A couple of days ago rock musician George Hrab (host of the Geologic podcast) wrote to me to share a post written by an old friend of his — a kind review of a recent Hrab show, which I'm happy to share here.
The most interesting aspect of the post (and the reason George passed it along) is the blogger's reaction to the people he met at the show: an unfamiliar community of people called “skeptics.” As a person of faith, “Myklor” finds these skeptics alien and fascinating — and ultimately (I'm happy to say) endearing. (He does not, incidentally, distinguish between skepticism and atheism — a fine point in a social setting, to be sure, given that many skeptics are both.)
It was all a bit surreal. By now, I was well aware of George's involvement in this universe, but it was trippy to have unknowingly stumbled into one of their “to-do's.” The traveling skeptic girl was awfully sweet and very cool, much like George; as were the other skeptical folks who were now beginning to drift in. Lots of smiles and mutual experience and excitement, and in-jokes and “Oh my God! So you're JesusBlows9437? I love your posts on the message boards!”
Here, Myklor puts his finger on something interesting: the “skeptical community” as a subculture.
I remember, when I carried mud-spattered copies of Skeptic and Demon-Haunted World in my backpack as a young shepherd, wanting to talk to people about the weird stuff I loved. What a wonderful feeling it was, later in my life, to find so many people excited to wrestle with the same ideas. Skeptics often describe such a feeling of “I found my tribe” elation. In itself, this is a beautiful thing — as any kind-hearted outsider can see.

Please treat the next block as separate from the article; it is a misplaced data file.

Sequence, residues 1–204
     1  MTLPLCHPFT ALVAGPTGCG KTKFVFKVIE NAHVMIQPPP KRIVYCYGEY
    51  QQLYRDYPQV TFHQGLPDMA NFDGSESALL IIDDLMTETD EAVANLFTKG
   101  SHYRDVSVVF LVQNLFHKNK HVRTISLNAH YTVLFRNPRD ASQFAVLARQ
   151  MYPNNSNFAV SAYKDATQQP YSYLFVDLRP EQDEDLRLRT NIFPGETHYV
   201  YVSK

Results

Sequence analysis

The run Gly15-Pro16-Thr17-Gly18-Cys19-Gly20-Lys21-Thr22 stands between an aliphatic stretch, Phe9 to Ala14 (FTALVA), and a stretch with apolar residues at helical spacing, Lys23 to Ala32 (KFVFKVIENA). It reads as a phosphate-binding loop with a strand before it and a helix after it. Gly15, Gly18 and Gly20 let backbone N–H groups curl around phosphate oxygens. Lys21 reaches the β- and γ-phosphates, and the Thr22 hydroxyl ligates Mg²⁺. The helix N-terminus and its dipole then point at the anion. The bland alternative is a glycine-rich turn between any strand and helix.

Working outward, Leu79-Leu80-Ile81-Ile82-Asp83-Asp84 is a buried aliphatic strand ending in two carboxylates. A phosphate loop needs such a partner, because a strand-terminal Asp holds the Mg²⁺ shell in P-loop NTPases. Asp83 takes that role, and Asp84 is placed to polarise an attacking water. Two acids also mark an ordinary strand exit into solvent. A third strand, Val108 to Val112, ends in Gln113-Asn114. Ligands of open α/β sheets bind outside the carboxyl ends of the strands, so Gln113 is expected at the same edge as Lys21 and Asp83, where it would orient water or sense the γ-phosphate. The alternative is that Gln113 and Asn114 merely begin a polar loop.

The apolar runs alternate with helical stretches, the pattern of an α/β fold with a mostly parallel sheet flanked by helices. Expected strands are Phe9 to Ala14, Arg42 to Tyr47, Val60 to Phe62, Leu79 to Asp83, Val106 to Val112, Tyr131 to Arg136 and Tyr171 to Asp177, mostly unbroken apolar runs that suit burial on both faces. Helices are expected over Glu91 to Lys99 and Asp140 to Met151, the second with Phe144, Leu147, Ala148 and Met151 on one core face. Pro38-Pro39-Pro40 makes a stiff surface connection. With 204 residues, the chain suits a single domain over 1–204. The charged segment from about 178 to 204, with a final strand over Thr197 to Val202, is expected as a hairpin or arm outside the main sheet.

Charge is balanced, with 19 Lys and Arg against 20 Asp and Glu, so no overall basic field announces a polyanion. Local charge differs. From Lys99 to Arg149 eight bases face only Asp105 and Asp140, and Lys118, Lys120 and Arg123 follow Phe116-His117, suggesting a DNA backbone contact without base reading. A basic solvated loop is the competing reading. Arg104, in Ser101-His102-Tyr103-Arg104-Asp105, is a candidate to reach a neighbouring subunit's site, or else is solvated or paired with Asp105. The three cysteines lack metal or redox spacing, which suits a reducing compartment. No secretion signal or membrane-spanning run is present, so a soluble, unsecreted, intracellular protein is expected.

[T]heir ties were palpable. I could feel the energy crehttp://goexback.com/ text your ex back
ated when a roomful of them gathered. … And I loved them for it. I love the passion. I love the bonds. I love that when one of their own arrives in town they come out of the woodwork to experience the miracle of the “we.”
Finding commonality with other human beings is a good in itself — an end in itself. Indeed, in respect to this particular end, the “skeptical” part of the skeptical community is largely beside the point. Myklor touches on something important (and quite funny) when he compares the skeptical community to model train enthusiasts.
And it is kind of the same thing as the skeptics. On one hand, I'm perplexed. Like, who are these people? And what is it that rocks their world about finding a three inch clock tower to go in the middle of the teeny fake town which their trains endlessly circle? On the other hand, who cares? Who cares why they love the little tower? They just do. It isn't hurting them or anyone else. And it stirs them. And that is cool.
Through this lens, celebration of commonality is itself the value of skepticism. I'm reminded here of Vonnegut's novel Slapstick and its science-fictional scheme to assign us all to huge artificial families: “Lonely no more.” And yet, social connections based on common hobbies or labels (model train lovers, Star Trek fans, Canadians, readers of skeptical media) could also be viewed more cynically as “granfalloons” (to borrow again from Vonnegut): empty associations based on superficial or artificial commonality. In the context of skepticism, there's probably some truth to this. I'm sometimes angrily told that “There is no 'skeptical community!' I reject the idea that we have common goals!”
To this, I point out the obvious: a “community” exists as soon as the first few folks say they belong to it. Granted, from there things get much, much more complicated (I'll come back to that complexity in my next post) but it's something, right there.
It's vague, it's messy, and it's home.